for now i will stick to the roasting. something about just popping it in the oven for an hour, rubbing the skin off and then chopping it up is so appealing.

  25. I’m doing a purple food series because of all those health benefits you mentioned from the flavoids. I know it starts to sound “yawn” boring talking health, but I love health from food and not drugs. Beets also has tryptophan, and once I started falling asleep in a restaurant after eating them and couldn’t figure out why. Good to eat if you need a nap. If you’re like I used to be, you threw the beet greens away, but next time you will be delighted to eat them with some olive oil, salt and pepper. You must cook them though.
    You can find them snuck in on the bottom of this post.

    I also put beets in a strawberry cake recently, but I sure would love the recipe for the chocolate cake.

  26. Jessica, I miss him, too. Wait, did I say him? I mean it. I mean it.

    Lan, I am so proud! I agree on roasting – it’s a great way to bring out the natural flavor of so many things. PS, here in Maine, I’ve seen beets on almost every menu, made in all kinds of ways that have inspired me.

    Angela, Fantastic! You are so right about enjoying health benefits from food rather than drugs. I feel the same way. As far as the chocolate cake, I linked to a recipe in the comments here, or you can Google it for some options. I can’t believe you used it in a strawberry cake!?

    Alicia, I thought of you when I found that part out. We’ll have to talk about it soon!

  27. Shanna, you’re in Maine? Please have a lobster roll and report back. It is one of the most simple yet divine dishes ever invented. Oh, and Indian Pudding and blueberry pie are pretty good too. I love Maine…

  28. Stephanie – I just got back this afternoon, but, believe me, I had blueberry pie (blueberry crumb pie, in fact, as well as blueberries on my salad, in pancakes, in muffins and probably other things I don’t remember) – apparently Maine makes 99% of the nation’s blueberries? Crazy! I also had lobster, although no lobster roll (!) and it wasn’t bad, but I think I still prefer crab cakes. Is that crazy, too? Maybe.

  29. Nice to meet you, Shannalee. It is fantastic that even with Crohn’s you’re able to continually enjoy the best of food. As soon as this bout of mine is over, I will be making that Schrute Cake. I love beets – eat them like apples. Here’s hoping you have a long and pleasant relationship ahead!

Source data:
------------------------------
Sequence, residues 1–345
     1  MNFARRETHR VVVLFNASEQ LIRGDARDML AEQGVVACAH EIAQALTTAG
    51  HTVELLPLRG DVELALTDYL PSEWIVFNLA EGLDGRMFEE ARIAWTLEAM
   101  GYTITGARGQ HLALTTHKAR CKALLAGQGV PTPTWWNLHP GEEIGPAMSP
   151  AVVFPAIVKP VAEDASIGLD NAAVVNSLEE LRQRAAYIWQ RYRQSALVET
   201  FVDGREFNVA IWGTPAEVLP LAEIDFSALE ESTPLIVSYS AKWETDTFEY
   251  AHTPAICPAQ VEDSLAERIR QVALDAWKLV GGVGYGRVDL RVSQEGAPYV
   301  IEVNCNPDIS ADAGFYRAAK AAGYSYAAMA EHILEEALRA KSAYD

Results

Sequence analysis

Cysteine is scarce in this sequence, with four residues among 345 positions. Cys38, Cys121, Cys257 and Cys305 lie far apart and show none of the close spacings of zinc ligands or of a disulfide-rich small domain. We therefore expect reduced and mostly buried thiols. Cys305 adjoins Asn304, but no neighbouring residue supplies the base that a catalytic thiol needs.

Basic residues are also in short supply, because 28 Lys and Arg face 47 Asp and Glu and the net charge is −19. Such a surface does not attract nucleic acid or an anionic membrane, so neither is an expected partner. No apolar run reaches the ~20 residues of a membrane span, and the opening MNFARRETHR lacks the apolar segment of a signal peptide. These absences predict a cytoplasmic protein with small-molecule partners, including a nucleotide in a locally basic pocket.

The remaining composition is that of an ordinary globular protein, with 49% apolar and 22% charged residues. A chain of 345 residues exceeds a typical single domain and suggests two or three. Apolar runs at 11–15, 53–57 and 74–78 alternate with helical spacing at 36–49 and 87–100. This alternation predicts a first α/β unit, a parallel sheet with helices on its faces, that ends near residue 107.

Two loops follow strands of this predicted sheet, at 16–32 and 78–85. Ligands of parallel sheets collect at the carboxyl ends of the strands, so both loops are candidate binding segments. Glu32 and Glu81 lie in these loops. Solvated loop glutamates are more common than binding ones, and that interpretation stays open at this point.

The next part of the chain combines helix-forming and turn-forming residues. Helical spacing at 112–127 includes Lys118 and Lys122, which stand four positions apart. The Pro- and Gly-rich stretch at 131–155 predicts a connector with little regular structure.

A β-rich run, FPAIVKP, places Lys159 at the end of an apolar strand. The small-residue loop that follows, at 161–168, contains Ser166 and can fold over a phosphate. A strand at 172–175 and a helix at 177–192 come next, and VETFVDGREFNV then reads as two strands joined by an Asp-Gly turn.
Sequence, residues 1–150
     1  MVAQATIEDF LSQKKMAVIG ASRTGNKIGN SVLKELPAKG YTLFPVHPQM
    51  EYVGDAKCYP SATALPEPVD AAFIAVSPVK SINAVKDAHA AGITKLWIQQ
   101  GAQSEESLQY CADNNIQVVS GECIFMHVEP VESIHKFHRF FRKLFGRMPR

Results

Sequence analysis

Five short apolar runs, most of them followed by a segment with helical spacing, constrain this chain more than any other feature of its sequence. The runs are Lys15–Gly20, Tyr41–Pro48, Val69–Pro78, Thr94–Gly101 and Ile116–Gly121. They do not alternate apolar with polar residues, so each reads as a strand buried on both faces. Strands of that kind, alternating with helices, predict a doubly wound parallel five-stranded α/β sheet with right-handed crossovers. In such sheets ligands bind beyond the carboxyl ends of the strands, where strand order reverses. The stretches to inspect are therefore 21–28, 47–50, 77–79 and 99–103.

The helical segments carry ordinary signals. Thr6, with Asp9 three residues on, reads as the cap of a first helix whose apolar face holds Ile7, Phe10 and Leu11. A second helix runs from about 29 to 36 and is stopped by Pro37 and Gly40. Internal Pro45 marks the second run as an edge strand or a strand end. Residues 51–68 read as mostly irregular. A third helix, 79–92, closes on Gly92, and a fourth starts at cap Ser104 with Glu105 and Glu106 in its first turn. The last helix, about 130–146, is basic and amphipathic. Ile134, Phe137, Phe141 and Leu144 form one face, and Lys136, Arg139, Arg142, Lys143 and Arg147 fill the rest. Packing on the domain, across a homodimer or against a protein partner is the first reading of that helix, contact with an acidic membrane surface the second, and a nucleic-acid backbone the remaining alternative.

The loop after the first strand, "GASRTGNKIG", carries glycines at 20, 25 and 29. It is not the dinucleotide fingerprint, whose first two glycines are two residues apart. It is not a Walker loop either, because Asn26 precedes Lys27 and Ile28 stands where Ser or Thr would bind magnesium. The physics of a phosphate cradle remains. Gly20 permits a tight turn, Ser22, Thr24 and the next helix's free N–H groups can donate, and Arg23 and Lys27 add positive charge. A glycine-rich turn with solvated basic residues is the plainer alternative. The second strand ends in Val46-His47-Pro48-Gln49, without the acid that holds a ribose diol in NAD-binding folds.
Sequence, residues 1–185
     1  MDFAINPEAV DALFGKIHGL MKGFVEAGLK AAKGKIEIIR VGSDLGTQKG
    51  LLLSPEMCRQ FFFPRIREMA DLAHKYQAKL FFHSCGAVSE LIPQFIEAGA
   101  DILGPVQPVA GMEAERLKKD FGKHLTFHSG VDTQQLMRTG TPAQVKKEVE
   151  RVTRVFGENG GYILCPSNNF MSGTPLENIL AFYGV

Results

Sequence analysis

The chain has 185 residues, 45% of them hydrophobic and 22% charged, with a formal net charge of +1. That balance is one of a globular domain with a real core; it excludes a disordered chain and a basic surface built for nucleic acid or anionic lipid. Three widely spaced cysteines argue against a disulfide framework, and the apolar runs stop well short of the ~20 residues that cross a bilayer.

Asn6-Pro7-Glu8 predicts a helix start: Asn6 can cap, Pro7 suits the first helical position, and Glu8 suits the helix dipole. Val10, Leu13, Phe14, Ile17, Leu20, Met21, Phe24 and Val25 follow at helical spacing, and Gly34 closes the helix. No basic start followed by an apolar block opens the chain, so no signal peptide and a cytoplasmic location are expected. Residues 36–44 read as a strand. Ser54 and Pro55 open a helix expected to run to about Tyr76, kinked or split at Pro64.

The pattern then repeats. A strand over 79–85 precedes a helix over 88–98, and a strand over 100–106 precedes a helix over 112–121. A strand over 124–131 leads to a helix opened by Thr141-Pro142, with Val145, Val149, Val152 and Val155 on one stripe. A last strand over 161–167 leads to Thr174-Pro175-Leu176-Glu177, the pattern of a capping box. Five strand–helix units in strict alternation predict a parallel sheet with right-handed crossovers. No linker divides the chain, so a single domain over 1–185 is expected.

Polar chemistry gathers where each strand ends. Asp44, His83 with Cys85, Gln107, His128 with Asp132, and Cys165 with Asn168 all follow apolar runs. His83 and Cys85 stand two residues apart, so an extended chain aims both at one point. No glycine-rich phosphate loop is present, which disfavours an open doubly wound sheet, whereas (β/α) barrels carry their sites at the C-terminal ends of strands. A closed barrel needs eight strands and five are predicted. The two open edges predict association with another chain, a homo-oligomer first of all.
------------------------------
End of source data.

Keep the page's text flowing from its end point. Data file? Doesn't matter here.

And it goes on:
30. Ragamuffin, I was so glad to find your blog, which was really very encouraging in an empathetic kind of way. There’s so much I don’t know about Crohn’s Disease, and I feel like I’m finally opening my eyes. Glad you can still enjoy beets sometimes—they’re supposedly good for inflammation, did you know that already?—and glad you stopped by to comment here!

  31. LOVE the title of this post!!! I am a new follower of the office and have now see all 5 seasons via Netflix streaming instant play. It is such a good show!

    Beets…..been wanting to try them for a while…even before learning of Dwight’s beet farm…;) this post and the comments have given me a lot of great ideas.

    So much inspiration from the food bloggers….and so little time esp with a one of my 3 girls a busy toddler! You’ve hooked me and I’m subscribing now. Thanks for the smile today!

  32. Denise, You are definitely among friends here as an Office fan, and as a food blogger. The blogging community is my favorite part about writing here – so many inspiring and kind people. Thanks so much for your comment!

  33. hahahahahah this title will forever be bizarre, i first learned of chocolate beet cakes a few weeks ago when on holiday…i’m going to take a crack at it in a couple of weeks when i have some willing victims err volunteers to tr it.

  34. Ok so I knew exactly which archived post I wanted to comment on for this vitamix thing and how WEIRD is it that it was posted 7 years ago almost to the DAY??? Almost as weird as interning together and then starting food blogs on the same day?